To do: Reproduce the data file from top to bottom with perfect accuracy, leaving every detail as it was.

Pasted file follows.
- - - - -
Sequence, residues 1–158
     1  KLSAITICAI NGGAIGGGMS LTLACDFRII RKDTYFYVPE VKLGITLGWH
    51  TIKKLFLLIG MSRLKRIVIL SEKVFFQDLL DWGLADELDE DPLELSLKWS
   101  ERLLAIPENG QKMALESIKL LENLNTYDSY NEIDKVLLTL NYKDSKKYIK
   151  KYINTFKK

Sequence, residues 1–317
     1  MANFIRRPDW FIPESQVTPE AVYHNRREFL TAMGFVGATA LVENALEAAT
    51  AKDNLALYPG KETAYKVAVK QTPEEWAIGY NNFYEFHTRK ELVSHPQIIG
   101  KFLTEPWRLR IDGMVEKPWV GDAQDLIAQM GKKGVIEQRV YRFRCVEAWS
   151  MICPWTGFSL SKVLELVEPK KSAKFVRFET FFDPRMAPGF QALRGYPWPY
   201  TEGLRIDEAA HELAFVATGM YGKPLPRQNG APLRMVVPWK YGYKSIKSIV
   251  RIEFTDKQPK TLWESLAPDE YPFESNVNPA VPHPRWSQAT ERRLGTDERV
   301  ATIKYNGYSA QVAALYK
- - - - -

Sequence, residues 1–158
     1  KLSAITICAI NGGAIGGGMS LTLACDFRII RKDTYFYVPE VKLGITLGWH
    51  TIKKLFLLIG MSRLKRIVIL SEKVFFQDLL DWGLADELDE DPLELSLKWS
   101  ERLLAIPENG QKMALESIKL LENLNTYDSY NEIDKVLLTL NYKDSKKYIK
   151  KYINTFKK

Sequence, residues 1–317
     1  MANFIRRPDW FIPESQVTPE AVYHNRREFL TAMGFVGATA LVENALEAAT
    51  AKDNLALYPG KETAYKVAVK QTPEEWAIGY NNFYEFHTRK ELVSHPQIIG
   101  KFLTEPWRLR IDGMVEKPWV GDAQDLIAQM GKKGVIEQRV YRFRCVEAWS
   151  MICPWTGFSL SKVLELVEPK KSAKFVRFET FFDPRMAPGF QALRGYPWPY
   201  TEGLRIDEAA HELAFVATGM YGKPLPRQNG APLRMVVPWK YGYKSIKSIV
   251  RIEFTDKQPK TLWESLAPDE YPFESNVNPA VPHPRWSQAT ERRLGTDERV
   301  ATIKYNGYSA QVAALYK